(Yicai Global) June 6 -- The lighting business of the Dutch electronics giant Philips has decided to close its Shenzhen plant in response to demand for smart and Internet-based developments in the residential lighting market and to help improve the industry's competitiveness, Philips Lighting BV said in a statement to Yicai.
Philips Lighting Manufacturing (Shenzhen) Co. will cease operations on May 31. A photocopy of the "announcement on the early dissolution" of the company was circulated on the Internet late last month.
Philips Lighting Shenzhen announced to staff that the company has been through a number of difficulties including continued economic slowdown, rising costs, and deteriorating businesses in recent years. Despite various measures, the company has still failed to turn around the situation. Its shareholders and board decided to dissolve the company earlier than scheduled.
However, these may not be the fundamental reasons. Going forward, global lighting giants like Philips and Osram will no longer produce products themselves -- a strategy they drew up a couple of years ago -- Mr. Zhang Hongbiao, director of the financial services project at Gaogong Industry Institute, who has tracked and studied the LED lighting industry for years, told Yicai.
Mr. Zhang said Philips will outsource LED packaging and lighting products and only produce LED chips itself. In other words, Philips will outsource production and only be responsible for branding, quality control, design and channels.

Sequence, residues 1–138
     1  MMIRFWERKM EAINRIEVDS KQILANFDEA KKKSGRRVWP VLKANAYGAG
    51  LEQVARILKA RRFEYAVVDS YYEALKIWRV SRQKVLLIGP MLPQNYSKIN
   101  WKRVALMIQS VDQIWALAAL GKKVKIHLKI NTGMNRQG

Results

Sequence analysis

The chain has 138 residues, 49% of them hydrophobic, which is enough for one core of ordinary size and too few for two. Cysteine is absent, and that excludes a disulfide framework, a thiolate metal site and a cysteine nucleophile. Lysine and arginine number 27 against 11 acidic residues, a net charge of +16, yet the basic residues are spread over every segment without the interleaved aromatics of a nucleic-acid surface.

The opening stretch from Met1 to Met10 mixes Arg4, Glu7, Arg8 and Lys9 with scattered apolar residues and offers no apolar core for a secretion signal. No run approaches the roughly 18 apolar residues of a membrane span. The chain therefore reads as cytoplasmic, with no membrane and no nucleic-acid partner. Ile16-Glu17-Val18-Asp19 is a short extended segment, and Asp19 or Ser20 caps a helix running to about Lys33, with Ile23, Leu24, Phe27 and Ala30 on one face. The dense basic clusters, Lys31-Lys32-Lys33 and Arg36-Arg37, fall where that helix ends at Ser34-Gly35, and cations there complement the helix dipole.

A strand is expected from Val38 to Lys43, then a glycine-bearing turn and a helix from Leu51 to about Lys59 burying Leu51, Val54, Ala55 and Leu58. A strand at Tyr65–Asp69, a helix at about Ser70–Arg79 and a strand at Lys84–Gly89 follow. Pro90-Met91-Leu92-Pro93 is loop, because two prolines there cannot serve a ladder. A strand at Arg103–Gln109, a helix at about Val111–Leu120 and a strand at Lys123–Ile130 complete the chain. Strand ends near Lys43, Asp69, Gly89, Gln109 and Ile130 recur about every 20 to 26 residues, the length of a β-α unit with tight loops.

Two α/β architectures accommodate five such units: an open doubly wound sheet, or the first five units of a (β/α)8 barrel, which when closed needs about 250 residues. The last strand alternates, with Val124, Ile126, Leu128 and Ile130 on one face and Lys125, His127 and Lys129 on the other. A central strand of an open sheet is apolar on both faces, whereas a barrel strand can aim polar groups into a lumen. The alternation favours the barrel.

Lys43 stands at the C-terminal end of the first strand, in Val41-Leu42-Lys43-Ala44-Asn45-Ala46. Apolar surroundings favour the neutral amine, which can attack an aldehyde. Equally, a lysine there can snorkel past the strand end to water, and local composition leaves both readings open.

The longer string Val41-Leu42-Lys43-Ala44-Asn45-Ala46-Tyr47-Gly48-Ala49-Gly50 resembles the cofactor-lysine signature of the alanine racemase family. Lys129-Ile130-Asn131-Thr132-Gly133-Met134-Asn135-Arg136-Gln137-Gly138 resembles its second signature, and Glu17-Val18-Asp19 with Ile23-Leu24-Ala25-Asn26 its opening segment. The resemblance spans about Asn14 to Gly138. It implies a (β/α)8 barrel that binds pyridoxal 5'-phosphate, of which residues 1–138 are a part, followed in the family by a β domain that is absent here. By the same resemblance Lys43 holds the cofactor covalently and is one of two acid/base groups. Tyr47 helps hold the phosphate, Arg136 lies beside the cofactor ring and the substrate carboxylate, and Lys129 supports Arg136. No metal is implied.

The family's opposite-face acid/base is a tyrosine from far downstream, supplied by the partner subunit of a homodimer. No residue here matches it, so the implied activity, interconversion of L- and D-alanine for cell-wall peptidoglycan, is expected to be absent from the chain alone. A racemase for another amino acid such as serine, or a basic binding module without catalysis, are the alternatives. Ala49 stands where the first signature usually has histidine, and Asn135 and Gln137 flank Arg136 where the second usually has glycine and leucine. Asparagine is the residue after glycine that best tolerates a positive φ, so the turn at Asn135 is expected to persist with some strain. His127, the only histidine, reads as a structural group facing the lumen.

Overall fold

The plant's predecessor was Weimashi Lighting Co., established in 1994 by Belgium's Massive and Hong Kong's Yuwei Group. Philips acquired a 52 percent stake in Weimashi Lighting in 2008, and set up Philips Lighting Shenzhen in October 2009. In late 2010, Philips bought the remaining 48 percent of the company.
Given soaring land and labor costs in Shenzhen it is very normal for Philips to close a non-profitable business, Ms. Zhang Yaping, deputy head of the member services department of the Shenzhen Light Emitting Diode Industry Association, told Yicai.
Philips Lighting also said on June 3 that leaders from the company met with energy ministers attending the seventh Clean Energy Ministerial summit on June 2. At the meeting, the company pledged to sell more than two billion LED light bulbs by 2020. It is estimated that reaching this goal will save an amount of energy equivalent to that generated by 60 medium-sized coal-fired power stations with emissions equivalent to that from 24 million cars by 2020.